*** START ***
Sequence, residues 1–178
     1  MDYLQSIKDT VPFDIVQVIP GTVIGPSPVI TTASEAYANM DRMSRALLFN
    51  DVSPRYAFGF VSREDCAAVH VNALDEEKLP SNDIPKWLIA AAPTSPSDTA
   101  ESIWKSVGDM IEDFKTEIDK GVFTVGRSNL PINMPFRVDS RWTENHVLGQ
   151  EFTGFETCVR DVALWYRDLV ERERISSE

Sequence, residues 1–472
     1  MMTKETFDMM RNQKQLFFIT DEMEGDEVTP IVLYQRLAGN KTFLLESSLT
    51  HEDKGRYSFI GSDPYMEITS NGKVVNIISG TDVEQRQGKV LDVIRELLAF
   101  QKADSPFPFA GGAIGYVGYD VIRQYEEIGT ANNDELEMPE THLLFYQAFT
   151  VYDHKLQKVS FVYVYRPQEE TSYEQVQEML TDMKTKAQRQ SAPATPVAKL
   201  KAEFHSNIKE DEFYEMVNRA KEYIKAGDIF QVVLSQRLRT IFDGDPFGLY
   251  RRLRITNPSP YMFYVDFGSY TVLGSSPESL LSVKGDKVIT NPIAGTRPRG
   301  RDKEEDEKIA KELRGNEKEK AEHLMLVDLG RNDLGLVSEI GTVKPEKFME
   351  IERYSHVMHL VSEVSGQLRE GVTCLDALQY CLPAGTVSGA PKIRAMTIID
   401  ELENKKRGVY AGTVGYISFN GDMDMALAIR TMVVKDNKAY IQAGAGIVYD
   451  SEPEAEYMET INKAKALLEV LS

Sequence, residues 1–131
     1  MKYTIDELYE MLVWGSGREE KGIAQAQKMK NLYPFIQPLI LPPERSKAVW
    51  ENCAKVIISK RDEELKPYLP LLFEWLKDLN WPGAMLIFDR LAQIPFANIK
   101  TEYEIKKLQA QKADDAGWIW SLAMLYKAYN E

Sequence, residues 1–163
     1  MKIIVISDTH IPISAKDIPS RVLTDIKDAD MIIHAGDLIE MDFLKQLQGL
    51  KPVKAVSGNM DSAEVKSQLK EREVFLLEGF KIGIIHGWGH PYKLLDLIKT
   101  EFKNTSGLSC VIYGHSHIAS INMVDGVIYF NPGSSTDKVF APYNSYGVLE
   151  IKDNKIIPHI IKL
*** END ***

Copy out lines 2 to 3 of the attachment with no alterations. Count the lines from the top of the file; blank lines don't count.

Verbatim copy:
     1  MDYLQSIKDT VPFDIVQVIP GTVIGPSPVI TTASEAYANM DRMSRALLFN
    51  DVSPRYAFGF VSREDCAAVH VNALDEEKLP SNDIPKWLIA AAPTSPSDTA